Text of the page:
March 2003 Contents
How (Not) to Solve Quadratic Equations
Solving ax2+ bx + c = 0 should present no difficulties, should it? Perhaps not, but it can. Such equations must be solved in the world beyond the classroom (which, by the way, is no more “real” than that of the classroom) and not all algorithms give the same result.
Tangent Line Transformations
The geometric transformation of mapping a curve (x(t), y(t)) to the curve (slope of tangent line at t, y-intercept of tangent line at t) has a surprising property.
Recursive Enumeration of Pythagorean Triples/B>
Darryl McCullough and Elizabeth Wade
First comes (3, 4, 5), then (5, 12, 13) - then what? (7, 24, 25) or (8, 15, 17)? Here is a one-to-one mapping from pairs of positive integers to the set of all Pythagorean triples.
2, 4, 8, 16; what comes next? In this triologue Ludwig answers 16, Imre answers 2. The question of how long the sequence continues is also considered.
The Eccentricity of a Conic Section
Ayoub B. Ayoub
What is the eccentricity of the conic section whose equation is fx2 + 2gxy + hy2 + 2kx + 2ly + m = 0? As you might expect, it isn’t anything extremely simple, but it isn’t all that complicated either.
Lissajous Figures and Chebyshev Polynomials
Julio Castiñeira Merino
Lissajous figures are those pretty curves generated by the parametric equations
x = a cos(bt + c), y = d cos(et + f).
It’s possible to eliminate the parameter and get (x, y) equations for them in terms of, of all things, Chebyshev polynomials
Tossing a Fair Coin
As long as probability endures we will be tossing coins, and as long as students endure some will fail to grasp what happens when we toss them for a long time. We know that the difference between the number of heads and the number of tails gets large, and it is good to remind students of this.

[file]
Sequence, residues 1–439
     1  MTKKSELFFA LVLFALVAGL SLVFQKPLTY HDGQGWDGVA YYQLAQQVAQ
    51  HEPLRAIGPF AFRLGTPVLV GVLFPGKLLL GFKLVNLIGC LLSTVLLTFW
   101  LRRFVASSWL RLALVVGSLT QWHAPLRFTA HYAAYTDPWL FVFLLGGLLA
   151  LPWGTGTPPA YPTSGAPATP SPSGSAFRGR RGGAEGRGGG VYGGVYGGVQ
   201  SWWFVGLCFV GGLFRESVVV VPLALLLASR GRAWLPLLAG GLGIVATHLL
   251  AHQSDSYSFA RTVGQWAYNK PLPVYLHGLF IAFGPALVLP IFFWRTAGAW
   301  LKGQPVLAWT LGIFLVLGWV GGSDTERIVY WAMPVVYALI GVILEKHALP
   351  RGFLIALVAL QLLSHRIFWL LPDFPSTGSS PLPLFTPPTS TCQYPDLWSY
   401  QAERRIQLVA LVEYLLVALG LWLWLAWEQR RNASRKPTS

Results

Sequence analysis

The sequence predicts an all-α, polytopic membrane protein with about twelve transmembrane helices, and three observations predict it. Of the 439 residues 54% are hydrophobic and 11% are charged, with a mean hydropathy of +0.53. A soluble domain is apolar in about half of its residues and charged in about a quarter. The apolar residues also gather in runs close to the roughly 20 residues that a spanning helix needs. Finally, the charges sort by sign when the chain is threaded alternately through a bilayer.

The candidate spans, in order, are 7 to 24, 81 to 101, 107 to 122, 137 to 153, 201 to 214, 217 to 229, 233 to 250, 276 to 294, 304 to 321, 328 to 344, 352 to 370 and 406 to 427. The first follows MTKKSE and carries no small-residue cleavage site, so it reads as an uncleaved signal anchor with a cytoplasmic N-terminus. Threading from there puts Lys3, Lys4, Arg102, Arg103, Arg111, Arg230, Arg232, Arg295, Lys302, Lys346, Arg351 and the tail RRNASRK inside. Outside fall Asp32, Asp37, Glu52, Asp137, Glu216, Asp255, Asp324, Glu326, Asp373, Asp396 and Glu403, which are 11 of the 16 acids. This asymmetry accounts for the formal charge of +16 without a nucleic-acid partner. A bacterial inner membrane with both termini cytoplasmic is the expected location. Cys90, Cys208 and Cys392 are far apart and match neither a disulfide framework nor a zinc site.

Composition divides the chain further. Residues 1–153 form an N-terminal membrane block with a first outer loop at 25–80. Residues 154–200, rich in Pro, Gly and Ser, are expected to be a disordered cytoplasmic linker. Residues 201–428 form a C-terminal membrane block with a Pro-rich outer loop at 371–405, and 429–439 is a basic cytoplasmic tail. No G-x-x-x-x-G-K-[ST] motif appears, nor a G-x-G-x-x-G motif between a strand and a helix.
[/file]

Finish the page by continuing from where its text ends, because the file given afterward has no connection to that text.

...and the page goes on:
Fallacies, Flaws, and Flimflam
Ed Barbeau, editor
FFFs #204-#209, including a series that both converges and diverges.
Warren Page, editor
A Dozen Minima for a Parabola
Leon M. Hall
Let the normal line to y = x2 at P intersect the parabola at Q. Here are twelve minimization problems based on this simple figure, with answers in numerical order.
A Remark on the Chain Rule for Exponential Matrix Functions
James H. Liu
Alas, the chain rule does not always hold when differentiating functions that involve e to a matrix power.
A Codeword Proof of the Binomial Theorem
A proof by counting. Clever counting, of course.
Column Integration and Series Representation
Thomas P. Dence and Joseph B. Dence
Tabular integration by parts gives some results beyond antiderivatives.
Constrained Optimization with Implicit Differentiatio
Gary W. De Young
A way of looking at maximum-minimum problems that has advantages over the usual method.
Problems and Solutions
Benjamin Klein, Irl Bivens, and L. R. King, editors
Warren Page, editor